Minimum Energy Performance Standards in the private rented sector have just been passed into law. How will the final regulations affect shared housing (houses in multiple occupation) and what could a future government do to improve their impact?
David Weatherall explores how minimum energy efficiency standard in the private rented sector will reach people living in shared housing (Housing in Multiple Occupation – HMOs). Based on the Future Climate study “Houses in Multiple Occupation: Energy Issues and Policy”
A few weeks ago, the government announced its response to the consultation on minimum energy performance standards (MEPS) in the private rented sector.
MEPS form part of the 2011 Energy Act and are an important step forward in UK energy policy. In the consultation on the detail of these regulations, several organisations raised the question of if and how the standards would apply in HMOs.
It’s good news that in moving from draft to final proposals for MEPS, the government has brought HMOs more clearly in scope.
In particular the government has now clarified that the minimum E energy performance standard (to take effect from 2018) will apply when someone moves into a room or bedsit in an HMO – as long as that HMO already an Energy Performance Certificate (EPC).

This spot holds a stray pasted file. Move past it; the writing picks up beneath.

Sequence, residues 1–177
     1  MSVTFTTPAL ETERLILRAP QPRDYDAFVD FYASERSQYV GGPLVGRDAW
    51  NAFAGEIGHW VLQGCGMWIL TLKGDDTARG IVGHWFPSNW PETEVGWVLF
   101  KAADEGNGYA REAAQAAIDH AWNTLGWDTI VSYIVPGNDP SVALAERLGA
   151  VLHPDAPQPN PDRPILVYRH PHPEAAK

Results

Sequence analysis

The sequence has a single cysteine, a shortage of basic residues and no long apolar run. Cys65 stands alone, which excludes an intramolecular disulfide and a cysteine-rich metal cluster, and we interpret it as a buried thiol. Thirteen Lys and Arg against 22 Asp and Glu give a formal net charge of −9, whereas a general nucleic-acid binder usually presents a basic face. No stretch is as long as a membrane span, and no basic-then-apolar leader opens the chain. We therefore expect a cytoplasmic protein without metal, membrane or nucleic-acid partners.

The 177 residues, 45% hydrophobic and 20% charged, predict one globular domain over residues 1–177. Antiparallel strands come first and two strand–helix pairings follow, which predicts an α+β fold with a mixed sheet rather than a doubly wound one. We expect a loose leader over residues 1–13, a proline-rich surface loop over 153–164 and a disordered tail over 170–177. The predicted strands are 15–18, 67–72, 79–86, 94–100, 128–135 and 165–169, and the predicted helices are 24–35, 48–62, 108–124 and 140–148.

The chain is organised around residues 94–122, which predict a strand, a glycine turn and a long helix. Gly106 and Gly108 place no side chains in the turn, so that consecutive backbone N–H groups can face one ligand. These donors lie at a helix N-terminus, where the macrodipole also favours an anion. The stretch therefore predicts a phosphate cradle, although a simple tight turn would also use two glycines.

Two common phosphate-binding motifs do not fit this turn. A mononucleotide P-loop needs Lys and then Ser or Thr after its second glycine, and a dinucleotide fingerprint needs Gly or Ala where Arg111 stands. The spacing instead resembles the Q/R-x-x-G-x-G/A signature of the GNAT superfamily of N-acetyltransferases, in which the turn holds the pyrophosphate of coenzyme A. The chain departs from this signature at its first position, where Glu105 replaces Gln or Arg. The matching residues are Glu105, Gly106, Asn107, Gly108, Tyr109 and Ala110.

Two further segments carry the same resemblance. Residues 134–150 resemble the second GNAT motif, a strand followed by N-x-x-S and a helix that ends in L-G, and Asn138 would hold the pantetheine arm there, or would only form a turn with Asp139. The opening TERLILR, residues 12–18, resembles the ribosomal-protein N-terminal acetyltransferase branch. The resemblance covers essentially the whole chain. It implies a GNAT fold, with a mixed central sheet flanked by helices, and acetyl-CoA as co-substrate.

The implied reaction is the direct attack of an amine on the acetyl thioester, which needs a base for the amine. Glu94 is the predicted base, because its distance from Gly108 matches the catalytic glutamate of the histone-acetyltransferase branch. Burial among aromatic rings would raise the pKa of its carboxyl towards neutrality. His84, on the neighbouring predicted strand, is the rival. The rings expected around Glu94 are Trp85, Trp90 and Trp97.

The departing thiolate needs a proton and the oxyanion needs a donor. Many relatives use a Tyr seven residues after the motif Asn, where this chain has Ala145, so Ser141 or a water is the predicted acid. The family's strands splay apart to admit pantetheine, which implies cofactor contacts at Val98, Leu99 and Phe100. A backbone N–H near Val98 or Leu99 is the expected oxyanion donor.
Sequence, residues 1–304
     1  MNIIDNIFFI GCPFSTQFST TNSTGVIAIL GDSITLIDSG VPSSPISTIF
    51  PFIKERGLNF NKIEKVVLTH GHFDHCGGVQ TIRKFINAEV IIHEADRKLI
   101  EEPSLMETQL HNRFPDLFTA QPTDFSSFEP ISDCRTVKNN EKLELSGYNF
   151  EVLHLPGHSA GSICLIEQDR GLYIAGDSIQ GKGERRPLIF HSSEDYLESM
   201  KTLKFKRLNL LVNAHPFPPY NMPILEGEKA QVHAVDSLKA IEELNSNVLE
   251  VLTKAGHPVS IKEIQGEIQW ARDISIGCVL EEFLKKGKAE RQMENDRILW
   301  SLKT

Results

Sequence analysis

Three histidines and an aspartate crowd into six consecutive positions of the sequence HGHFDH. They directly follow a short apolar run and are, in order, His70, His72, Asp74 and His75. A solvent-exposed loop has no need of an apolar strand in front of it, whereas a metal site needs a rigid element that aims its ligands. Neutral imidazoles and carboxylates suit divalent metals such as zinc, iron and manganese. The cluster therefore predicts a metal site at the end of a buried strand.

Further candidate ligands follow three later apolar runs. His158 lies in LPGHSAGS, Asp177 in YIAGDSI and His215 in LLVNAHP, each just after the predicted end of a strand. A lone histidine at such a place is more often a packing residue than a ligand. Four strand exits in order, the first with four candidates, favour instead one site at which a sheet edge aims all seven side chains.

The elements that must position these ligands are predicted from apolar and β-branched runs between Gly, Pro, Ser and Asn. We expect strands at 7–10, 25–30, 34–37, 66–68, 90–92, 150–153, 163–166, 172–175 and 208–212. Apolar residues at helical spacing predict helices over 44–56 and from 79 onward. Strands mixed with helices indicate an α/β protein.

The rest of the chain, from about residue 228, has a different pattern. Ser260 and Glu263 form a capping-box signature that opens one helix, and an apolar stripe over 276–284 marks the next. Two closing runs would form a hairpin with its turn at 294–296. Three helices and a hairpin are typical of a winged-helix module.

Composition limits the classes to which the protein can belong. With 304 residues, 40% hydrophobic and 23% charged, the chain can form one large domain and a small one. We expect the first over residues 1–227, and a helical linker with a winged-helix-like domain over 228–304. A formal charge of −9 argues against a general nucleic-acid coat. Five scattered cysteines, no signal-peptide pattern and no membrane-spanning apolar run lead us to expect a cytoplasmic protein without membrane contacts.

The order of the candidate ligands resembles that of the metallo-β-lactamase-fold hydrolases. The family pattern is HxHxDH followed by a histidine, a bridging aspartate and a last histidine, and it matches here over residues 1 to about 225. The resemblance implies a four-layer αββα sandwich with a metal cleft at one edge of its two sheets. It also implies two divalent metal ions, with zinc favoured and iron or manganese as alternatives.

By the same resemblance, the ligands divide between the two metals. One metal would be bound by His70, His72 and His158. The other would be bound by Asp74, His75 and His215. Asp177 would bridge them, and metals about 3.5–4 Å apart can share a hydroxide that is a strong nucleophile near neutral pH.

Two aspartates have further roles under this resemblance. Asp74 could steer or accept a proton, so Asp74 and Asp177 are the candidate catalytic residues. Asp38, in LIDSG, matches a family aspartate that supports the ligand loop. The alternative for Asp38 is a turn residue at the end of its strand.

But, as in the rest of the private rented sector, HMO landlords will only have to comply with the minimum E standard when the required improvements can be undertaken at no upfront cost to them – either because they access a grant, or because the tenants are willing to pay for the improvements.
So, moving into an HMO will be a trigger for the minimum “E” standard. But, as we discuss below, more steps are needed to ensure that HMOs benefit equally from these regulations, and to make them more effective across the private rented sector. In summary:
- People moving into shared homes should have the right to see an Energy Performance Certificates (EPCs) for their property. We also need clarity on what type (domestic or non-domestic) of EPC different shared houses require, and clarity on how rules apply to HMOs that need non-domestic assessments.
- More broadly, government should be taking much more action to ensure that landlords comply with the requirements to produce an EPC whenever they rent out a property.
- Landlords should be required to make a limited contribution towards the cost of carrying out energy saving upgrades to meet the minimum standard. This is particularly important in HMOs that can be more expensive to upgrade.